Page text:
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Pinellas County Pre-Arrest Diversion Program: An Update


Our April, 2016 post provided an overview of Pinellas County Sheriff Bob Gualtieri's proposed pre-arrest diversion program for adults who commit low level offenses. The program was proposed, at least in part, as an alternative to the civil citation programs for marijuana possession that were being initiated throughout other parts of the Tampa Bay area, and throughout the state of Florida. The program was to modeled after the juvenile diversion programs already put into effect by various law enforcement agencies, including the St. Petersburg Police Department.

I told you I would keep you updated as things progressed. Well, here we are. In a Tampa Bay Times article published just last week, it was revealed that Pinellas County will launch one of the most ambitious criminal justice reforms in Tampa Bay. Under the new "APAD" (Adult Pre-Arrest Diversion) program, adult offenders who commit low level crimes, including underage possession of alcohol, petty theft, possession of marijuana-related paraphernalia, criminal mischief, and non-domestic related assault and battery charges will have an opportunity to avoid arrest and prosecution if certain conditions precedent are met. Offenders charged with possession of marijuana will also qualify where the amount is up to 10 grams, or up to 20 grams if the arresting officer can determine that the contraband was not intended for sale. According to the article, the program will prevent people who commit a range of petty offenses from having a criminal record, which can adversely affect future employment opportunities and can make finding a place to live more difficult.

On Thursday of last week, St. Petersburg (Pinellas County's largest city) joined the program. City council voted to support the program after being briefed on the details by Sheriff Bob Gualtieri, who is leading the effort to have the program implemented. Apparently, St. Petersburg was the last municipality in the county to join in the effort. That all agencies and municipalities are in agreement is important so that the all qualifying members of the community have fair and equal access to it.

Since our April, 2016 post, more details have surfaced regarding the nature of the program. According to the August 11th Tampa Bay Times article, the program could start as soon as October of this year. Offenders who do not have a prior misdemeanor conviction within the last two years, or a felony conviction within the last five years, will qualify. Hopefully, the term "conviction" will be narrowly construed so that people with withholds of adjudication within the relevant look back periods will not be disqualified from participation. Moreover, offenders will be able to participate in adult pre-arrest diversion up to three times.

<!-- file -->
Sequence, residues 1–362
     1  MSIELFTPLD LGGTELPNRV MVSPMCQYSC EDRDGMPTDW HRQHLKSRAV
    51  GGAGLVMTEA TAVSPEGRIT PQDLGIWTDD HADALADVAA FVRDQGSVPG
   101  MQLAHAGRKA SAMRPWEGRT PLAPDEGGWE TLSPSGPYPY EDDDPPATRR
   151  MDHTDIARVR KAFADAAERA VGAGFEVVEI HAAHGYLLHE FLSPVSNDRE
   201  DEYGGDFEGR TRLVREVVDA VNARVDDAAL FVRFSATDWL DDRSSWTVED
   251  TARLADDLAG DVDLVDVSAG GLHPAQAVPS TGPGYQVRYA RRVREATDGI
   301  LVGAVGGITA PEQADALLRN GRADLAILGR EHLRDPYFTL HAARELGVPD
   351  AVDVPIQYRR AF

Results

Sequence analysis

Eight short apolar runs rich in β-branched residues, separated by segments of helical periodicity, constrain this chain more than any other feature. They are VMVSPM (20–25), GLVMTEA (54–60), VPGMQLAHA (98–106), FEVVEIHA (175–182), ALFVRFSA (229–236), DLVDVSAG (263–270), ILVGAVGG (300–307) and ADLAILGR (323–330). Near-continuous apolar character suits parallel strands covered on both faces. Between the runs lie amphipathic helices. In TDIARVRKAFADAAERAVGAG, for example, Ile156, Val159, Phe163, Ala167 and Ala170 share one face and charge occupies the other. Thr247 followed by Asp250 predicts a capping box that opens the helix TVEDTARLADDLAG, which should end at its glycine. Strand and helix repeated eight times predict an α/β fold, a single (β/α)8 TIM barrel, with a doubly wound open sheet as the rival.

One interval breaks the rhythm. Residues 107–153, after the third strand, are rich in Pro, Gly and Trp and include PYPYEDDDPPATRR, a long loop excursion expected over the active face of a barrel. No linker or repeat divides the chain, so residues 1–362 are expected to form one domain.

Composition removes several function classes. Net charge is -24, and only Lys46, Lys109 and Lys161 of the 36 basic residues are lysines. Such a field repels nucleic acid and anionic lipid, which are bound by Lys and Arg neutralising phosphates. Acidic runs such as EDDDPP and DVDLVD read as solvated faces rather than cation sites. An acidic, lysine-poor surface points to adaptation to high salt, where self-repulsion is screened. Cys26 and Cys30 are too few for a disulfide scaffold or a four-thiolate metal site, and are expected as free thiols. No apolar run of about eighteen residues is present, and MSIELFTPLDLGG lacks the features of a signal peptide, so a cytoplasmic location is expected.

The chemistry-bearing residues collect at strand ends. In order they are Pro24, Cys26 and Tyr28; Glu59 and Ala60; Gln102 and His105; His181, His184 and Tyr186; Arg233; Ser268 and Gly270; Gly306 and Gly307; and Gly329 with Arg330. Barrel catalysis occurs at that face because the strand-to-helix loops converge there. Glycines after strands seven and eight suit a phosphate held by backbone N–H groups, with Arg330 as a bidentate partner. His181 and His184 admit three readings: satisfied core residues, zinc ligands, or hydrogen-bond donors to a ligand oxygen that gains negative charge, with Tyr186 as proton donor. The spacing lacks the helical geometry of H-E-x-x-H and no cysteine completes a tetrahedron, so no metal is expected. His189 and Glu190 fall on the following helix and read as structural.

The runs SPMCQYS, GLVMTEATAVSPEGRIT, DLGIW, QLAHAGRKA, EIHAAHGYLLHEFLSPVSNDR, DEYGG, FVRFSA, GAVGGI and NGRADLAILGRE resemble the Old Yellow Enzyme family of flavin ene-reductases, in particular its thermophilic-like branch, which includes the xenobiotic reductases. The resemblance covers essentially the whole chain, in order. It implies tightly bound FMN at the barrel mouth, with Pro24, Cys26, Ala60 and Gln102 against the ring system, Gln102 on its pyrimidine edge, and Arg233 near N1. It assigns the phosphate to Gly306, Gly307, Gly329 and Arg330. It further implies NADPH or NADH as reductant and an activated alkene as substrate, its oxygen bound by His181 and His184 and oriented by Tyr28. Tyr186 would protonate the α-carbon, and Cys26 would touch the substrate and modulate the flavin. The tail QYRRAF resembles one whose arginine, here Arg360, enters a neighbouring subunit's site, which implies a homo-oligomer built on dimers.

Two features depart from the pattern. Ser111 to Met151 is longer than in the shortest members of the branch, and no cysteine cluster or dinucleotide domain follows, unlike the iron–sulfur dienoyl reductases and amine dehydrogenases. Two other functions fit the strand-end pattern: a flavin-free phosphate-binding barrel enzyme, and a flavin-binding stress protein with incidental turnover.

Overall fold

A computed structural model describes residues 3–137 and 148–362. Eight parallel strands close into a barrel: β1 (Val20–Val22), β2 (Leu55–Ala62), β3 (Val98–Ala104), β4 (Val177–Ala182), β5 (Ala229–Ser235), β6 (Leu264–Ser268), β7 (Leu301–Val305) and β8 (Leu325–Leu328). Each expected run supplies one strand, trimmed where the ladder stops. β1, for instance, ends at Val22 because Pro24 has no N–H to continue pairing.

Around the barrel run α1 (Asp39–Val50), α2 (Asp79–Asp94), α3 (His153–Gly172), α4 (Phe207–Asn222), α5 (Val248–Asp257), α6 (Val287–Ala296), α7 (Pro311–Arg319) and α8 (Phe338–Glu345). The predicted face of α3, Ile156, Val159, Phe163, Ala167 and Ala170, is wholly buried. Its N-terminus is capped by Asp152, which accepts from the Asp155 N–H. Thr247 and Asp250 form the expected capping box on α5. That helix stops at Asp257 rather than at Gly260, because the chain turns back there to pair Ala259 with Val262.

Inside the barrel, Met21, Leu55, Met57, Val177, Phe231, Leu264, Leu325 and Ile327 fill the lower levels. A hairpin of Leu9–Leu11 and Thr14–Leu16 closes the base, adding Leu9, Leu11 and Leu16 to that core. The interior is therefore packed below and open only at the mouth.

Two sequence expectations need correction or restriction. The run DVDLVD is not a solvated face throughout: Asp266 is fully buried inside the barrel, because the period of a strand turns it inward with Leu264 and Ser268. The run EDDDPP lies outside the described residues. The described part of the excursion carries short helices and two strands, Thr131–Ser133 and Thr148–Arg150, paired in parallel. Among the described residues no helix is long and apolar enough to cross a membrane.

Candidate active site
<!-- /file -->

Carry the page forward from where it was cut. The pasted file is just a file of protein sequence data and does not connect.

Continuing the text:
Offenders who meet APAD criteria will be given 48 hours to report to the program's office, which will be open 24 hours a day, seven days a week. If the person does not show up for his or her report date, then charges will be forwarded to the Pinellas County State Attorney's Office for prosecution. According to the article, the intake process will include a basic risk assessment to determine whether the offender is in need of additional services, such as anger management or other forms of counseling. As part of the program, participants can be expect to be required to perform community service hours and, where applicable, pay restitution (in, for example, theft and criminal mischief cases).

As a St. Petersburg criminal defense attorney, I am well aware of the many advantages a diversion program offers to a first time offender. Having your criminal charges dismissed, avoiding associated collateral consequences such as the loss of a driver's license (or even deportation in some instances) and being in a position to seal or expunge the arrest record is invaluable to a criminal defendant. Pinellas County's new APAD program appears to offer all of the same benefits, but with the added benefit of no arrest record. In lieu of being taken into custody, posting bond, and perhaps having a "mug shot" published all over the Internet, the person receives a notice to appear for intake. It doesn't get much more discreet than that. Also, it appears that individuals will be able to take advantage of the program up to three times. In most instances, a person is afforded only one opportunity at a diversion program. That people can now have up to three low level offenses diverted from prosecution is nothing short of amazing.

This is obviously a more comprehensive initiative than the civil citation program for misdemeanor marijuana cases, with greater benefits for a larger number of people. While it is sure to have its intended effect of decreasing jail bookings and alleviating some of the burden on our court system, the benefits to the accused person cannot be understated here. As always, I will keep you posted as this develops.